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Not Quite There: I’m Not There

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Not Quite There: I’m Not There

Todd Haynes has always struck me as less filmmaker than conceptual artist—a man with grand ideas whose mind works faster than 24 frames per second, the screen never quite able to contain the weight of his brain. He’s a man working in the wrong medium, like Tarantino striving to be an actor before thankfully realizing his talent lies elsewhere. Haynes’ spirit is simply not conducive to the formal requirements of film. But because Haynes doesn’t suck at moviemaking the way Tarantino sucked at acting, he’s unaware that he can scale to greater heights. If Haynes can demonstrate this level of artistic quality in his experimental-posing-as-accessible films, just imagine what he could do guest-directing a Wooster Group production, exhibiting at the Whitney Biennial. For Todd Haynes has a masterful eye for lush set design and sharp cinematography, for period costumes and jarring camera angles, all readily on display in I’m Not There, his tribute to the “many lives” of a fellow visionary, the legendary Bob Dylan. Unfortunately, what works for music—or painting or poetry, or any of the abstract arts for that matter—rarely works for the screen. After all, how does one shoot a concept?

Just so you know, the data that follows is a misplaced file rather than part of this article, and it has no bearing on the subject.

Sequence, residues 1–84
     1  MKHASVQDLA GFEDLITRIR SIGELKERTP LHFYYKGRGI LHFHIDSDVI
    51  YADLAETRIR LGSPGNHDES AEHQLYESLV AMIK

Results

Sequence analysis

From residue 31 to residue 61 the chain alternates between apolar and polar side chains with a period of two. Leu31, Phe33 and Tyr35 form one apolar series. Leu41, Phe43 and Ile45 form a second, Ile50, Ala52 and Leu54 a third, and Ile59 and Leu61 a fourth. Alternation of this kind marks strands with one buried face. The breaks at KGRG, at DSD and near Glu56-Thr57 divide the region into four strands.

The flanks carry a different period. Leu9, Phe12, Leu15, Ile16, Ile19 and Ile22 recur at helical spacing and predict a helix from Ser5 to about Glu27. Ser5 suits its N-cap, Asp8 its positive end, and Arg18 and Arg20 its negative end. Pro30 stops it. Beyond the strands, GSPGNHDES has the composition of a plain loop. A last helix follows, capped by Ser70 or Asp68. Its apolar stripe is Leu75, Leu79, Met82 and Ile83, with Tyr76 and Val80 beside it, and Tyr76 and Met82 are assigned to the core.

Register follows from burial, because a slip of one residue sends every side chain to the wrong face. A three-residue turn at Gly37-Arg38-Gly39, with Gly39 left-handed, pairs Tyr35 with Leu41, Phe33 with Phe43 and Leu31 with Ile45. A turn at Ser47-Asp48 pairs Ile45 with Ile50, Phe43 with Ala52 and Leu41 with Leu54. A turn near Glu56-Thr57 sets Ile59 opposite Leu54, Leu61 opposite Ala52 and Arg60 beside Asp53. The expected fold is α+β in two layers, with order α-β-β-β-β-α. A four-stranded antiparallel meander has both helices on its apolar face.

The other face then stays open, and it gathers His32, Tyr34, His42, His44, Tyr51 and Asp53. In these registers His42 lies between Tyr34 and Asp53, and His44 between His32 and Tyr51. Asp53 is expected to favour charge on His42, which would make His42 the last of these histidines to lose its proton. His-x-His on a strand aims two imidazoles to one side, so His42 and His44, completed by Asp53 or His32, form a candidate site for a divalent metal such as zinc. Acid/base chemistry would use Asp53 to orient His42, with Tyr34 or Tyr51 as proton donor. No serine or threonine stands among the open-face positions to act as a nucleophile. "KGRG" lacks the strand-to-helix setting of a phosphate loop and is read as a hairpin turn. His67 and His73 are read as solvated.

Thus, instead of tackling Bob Dylan as subject head-on, Haynes films the paradox that haunted the American icon throughout his career, namely his needing to change in order to stay the same. Dylan knew that as an artist he had to evolve in order to remain the artist he was—and he felt frustrated by those fans that wanted to stop him from being what they themselves expected him to be. Pretty heady stuff. And near impossible to tell in a literal manner, which is why Haynes divides his central character between six different actors (four of whom are non-American!), eschewing any sense of linear time and place. On paper it sounds like a brilliant move, but as the film chugs along on its 135-minute way, from the rail-riding vagabond kid named “Woody” to the dandy “Arthur Rimbaud” to Richard Gere in the guise of Billy (as in “The Kid”), you get the feeling Haynes has one too many balls (i.e., Richard Gere) in the air. That the film holds together as long as it does is a testament to Haynes’ formidable talent, but alas, the collision of the director and his subject is a train wreck waiting to happen.